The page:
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General Bike Thread (Desiderata, Questions, Pics)

otc

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I may or may not have dropped by my LBS, made a large purchase and installed them before getting in a quick ride.

View attachment 1604070

Unfortubnately, my skills end at removing & reinstalling cassette and rotors. I'm getting a bit of rub on my brakes now and have no idea how to fix it.
Did you loosen the 2 bolts, squeeze lever firmly, get both bolts slightly tight, squeeze lever a little harder and tighten the bolts the rest of the way... And then ride a mile or two?

If that doesn't fix it, you might have a rotor out of true
 

patrick_b

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The only thing that requires a special tool is headset installation (possibly bottom bracket, depending on which type you have). Everything else is fixable if you’re patient. Of course, brakes can be a oain in the butt to adjust...
I had a chain whip and the lock ring tool is the same for both the cassette and center lock rotors but when it comes to fine adjustment on hydraulic brakes and electronic shifting, I'm clueless. It was a bit naive to think I could throw on the cassette and rotors and not need some fine adjustment. On my old bikes, it's easy. Tighten cable and adjust the ferrule until it shifts right.

I'm going to watch some Park Tools videos, they've always been helpful. Worst case scenario I can show up at my LBS with beer and beg for help. It's always worked for me for simple things when I didn't have the right tool.
 

patrick_b

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Did you loosen the 2 bolts, squeeze lever firmly, get both bolts slightly tight, squeeze lever a little harder and tighten the bolts the rest of the way... And then ride a mile or two?

If that doesn't fix it, you might have a rotor out of true
No I did not. I just tightened them onto the hub with the lock ring and hoped for the best. They are just off by a hair. Thanks for the tip, I'll give it a shot in the morning.
 

patrick_b

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@otc saves the day. Just found GCN's clip about doing exactly as you described. Just went outside to the shed and have the front and rear rotors spinning with no rub at all. Disc brakes aren't that scary after all. I still want no part of messing with brake fluid and bleeding the system but I'd bet it's not all that .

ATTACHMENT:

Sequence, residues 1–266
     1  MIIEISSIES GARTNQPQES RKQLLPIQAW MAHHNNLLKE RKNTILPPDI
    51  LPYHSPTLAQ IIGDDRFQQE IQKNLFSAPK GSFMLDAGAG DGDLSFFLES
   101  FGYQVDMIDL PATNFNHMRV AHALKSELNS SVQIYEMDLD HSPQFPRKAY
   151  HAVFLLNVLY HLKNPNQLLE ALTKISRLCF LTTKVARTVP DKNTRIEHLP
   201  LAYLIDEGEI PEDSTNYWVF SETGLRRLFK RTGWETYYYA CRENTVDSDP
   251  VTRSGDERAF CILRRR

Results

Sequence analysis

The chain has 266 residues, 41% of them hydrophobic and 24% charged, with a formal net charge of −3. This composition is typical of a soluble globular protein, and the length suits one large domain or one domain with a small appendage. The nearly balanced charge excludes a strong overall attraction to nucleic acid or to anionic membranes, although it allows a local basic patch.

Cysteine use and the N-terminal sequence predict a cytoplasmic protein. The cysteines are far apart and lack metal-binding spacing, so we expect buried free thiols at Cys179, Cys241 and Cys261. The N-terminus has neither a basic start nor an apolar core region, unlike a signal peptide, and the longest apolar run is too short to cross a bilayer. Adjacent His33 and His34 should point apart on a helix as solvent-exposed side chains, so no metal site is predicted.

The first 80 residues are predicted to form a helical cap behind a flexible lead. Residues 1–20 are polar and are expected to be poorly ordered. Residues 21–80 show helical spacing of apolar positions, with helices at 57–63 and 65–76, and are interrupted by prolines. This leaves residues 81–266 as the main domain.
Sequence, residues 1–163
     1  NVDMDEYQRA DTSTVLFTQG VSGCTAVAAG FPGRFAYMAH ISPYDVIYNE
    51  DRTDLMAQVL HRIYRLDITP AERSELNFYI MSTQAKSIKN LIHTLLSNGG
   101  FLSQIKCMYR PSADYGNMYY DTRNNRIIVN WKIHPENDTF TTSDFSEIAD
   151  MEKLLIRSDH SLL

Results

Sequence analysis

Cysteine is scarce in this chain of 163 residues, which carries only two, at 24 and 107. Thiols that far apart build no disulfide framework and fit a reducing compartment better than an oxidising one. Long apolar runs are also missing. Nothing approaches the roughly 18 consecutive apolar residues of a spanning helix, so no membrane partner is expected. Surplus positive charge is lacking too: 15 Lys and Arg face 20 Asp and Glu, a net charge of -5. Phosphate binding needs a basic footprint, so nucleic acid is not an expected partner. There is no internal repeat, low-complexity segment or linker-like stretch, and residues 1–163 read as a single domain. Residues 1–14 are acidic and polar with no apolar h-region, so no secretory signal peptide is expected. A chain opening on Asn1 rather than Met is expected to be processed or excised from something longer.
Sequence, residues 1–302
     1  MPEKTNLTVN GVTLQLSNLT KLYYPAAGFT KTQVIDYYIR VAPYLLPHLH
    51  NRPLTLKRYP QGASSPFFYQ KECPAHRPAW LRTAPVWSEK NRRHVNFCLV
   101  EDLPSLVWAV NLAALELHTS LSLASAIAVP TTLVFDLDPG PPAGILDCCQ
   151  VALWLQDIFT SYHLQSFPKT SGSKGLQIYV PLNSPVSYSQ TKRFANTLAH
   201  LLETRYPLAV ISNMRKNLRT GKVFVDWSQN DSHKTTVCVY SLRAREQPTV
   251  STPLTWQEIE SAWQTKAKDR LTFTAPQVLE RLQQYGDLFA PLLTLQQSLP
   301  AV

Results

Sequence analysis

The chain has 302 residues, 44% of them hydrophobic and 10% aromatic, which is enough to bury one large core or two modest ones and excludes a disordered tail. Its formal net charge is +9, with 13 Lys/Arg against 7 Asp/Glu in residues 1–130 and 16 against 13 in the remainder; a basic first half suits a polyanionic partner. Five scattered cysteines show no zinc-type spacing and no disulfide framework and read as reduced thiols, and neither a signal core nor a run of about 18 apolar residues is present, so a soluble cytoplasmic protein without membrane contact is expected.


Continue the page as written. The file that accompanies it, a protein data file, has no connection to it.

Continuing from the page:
I'll tackle the shifting tomorrow. It's louder than before so I figure it needs a bit fine tuning. You can actually adjust the shifting with your phone via BT.
 

Piobaire

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I may or may not have dropped by my LBS, made a large purchase and installed them before getting in a quick ride.

View attachment 1604070

Unfortubnately, my skills end at removing & reinstalling cassette and rotors. I'm getting a bit of rub on my brakes now and have no idea how to fix it.
What rubber did you put on those? I think I read my GPs are not recommended due to the "hookless" thing.
 

sugarbutch

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What rubber did you put on those? I think I read my GPs are not recommended due to the "hookless" thing.
Are you sure that rim is hookless? The site just says tubeless.
 

venessian

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Are you sure that rim is hookless? The site just says tubeless.
Some Zipp 303 models (Firecrest 650B Disc; NSW Rim; Firecrest Rim) are hooked, but the 303 Firecrest Disc and 303 S Disc are hookless.

Hookless is currently still a PITA, imo, and I do not trust all the p/r claims, nor like the real pressure limitations.
 

patrick_b

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What rubber did you put on those? I think I read my GPs are not recommended due to the "hookless" thing.
I didn’t have any Stans so I just used tubes and the same Specialized rubber from my current wheelset. I’ll start looking at tubeless options.
 

Piobaire

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Are you sure that rim is hookless? The site just says tubeless.